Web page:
Pretty tempting, eh? For the next ten days or so, you can pre-order Windows 7 Home Premium upgrades for fifty bucks, or Windows 7 Professional for a hundred bucks. It’s a really truly cheap sale, a limited offer from Microsoft scheduled to end July 11, and only continuing “while supplies last.” No one knows how many units are being sold by Amazon and a host of other retailers but a report came in from Japan tonight that the discounted upgrades were sold out in that country in less than two days.
The sale prices are about half of what Windows 7 will cost when it’s released in October. The final prices for Windows 7 will be about 10-15% less than they’ve been for Vista.
Should you buy some upgrade copies of Windows 7? Slow down. Which group do you fit into?
TECHNICALLY PROFICIENT – you can save your data, reformat your hard drive, and install Windows 7 from scratch without breaking a sweat. Maybe you’ll throw a new hard drive into your computer so you don’t have to worry about backing up your data, you can just copy it later. You’ve got a computer or two running Vista that are ready to be wiped and reloaded. Order the upgrades! Click on that banner and get the cheap price while it’s available.
TECHNICALLY PROFICIENT WITH OLD HARDWARE – you know your way around a reformat, but the only computer nearby is a 5-year old clunker running Windows XP. Don’t wipe it and install Windows 7 – the hardware requirements are too hefty for old XP systems. Yeah, it might run, but really, why bother? It will still be an old computer with cruddy video.
UPGRADING FROM WINDOWS XP – you’re a regular person with a Windows XP computer. Plan to buy a new computer with Windows 7. You will not be upgrading your Windows XP computer. There is no way to directly upgrade from Windows XP to Windows 7. The Windows 7 disc will refuse to upgrade Windows XP, and for the same reason as above, it’s a losing battle to do a clean install of Windows 7 on an old computer.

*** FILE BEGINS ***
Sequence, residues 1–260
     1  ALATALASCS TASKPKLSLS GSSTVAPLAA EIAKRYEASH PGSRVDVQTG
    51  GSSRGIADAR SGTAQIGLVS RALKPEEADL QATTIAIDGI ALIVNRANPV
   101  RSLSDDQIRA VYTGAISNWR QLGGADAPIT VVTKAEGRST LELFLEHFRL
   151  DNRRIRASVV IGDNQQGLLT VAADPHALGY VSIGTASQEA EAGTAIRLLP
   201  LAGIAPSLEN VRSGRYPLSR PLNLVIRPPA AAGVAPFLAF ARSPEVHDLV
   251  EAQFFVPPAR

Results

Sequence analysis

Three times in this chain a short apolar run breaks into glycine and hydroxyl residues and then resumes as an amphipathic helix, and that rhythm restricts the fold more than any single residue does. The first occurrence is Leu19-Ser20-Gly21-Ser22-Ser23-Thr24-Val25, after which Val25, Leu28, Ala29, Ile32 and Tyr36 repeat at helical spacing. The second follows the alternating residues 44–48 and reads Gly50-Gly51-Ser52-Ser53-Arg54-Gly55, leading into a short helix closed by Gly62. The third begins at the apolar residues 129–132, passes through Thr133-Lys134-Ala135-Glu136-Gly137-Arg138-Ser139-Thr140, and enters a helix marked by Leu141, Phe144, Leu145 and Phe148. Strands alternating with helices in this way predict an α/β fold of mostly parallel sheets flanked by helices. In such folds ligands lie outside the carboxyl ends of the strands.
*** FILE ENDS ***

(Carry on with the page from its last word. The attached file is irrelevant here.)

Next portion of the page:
UPGRADING FROM VISTA – you’re a regular person with a Vista computer. Theoretically you can buy the Win7 upgrade, insert the disc, and be up and running with Windows 7 a few minutes later. It might even work that way. Windows 7 is a relatively modest change from Vista, more like an ambitious service pack than a brand new operating system.
But I’m not going to let people pay me to do upgrades, and I’m going to gently discourage you from doing it yourself unless you’re willing to deal with glitches. Over and over we’ve learned that clean installs work better than upgrades of an operating system.
Some of you should click on that banner and order some copies of Windows 7 in the next few days. It’s a really good price. Two reassuring details about the upgrade sale:
- Although you are buying a license for an upgrade, the media can be used for a clean install.
- The disc includes both 32-bit and 64-bit versions of Windows 7.
Most of you, though, should look forward to Windows 7 on your next computer. Talk to me in October!